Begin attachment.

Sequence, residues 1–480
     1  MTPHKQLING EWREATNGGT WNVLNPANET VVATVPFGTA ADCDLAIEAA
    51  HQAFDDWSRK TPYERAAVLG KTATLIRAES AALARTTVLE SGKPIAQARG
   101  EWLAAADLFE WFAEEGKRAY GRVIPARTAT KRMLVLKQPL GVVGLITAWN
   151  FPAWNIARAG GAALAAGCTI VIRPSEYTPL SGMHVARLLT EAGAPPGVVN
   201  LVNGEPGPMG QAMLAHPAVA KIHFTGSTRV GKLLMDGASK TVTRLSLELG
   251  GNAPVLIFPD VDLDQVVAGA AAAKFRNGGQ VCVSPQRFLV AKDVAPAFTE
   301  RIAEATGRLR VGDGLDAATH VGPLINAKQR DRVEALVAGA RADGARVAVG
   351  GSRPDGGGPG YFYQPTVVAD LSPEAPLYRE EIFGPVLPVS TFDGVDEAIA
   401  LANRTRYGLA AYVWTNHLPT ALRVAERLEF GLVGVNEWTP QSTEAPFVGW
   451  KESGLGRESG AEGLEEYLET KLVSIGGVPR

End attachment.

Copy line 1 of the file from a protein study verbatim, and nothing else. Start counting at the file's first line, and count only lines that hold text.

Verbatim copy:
Sequence, residues 1–480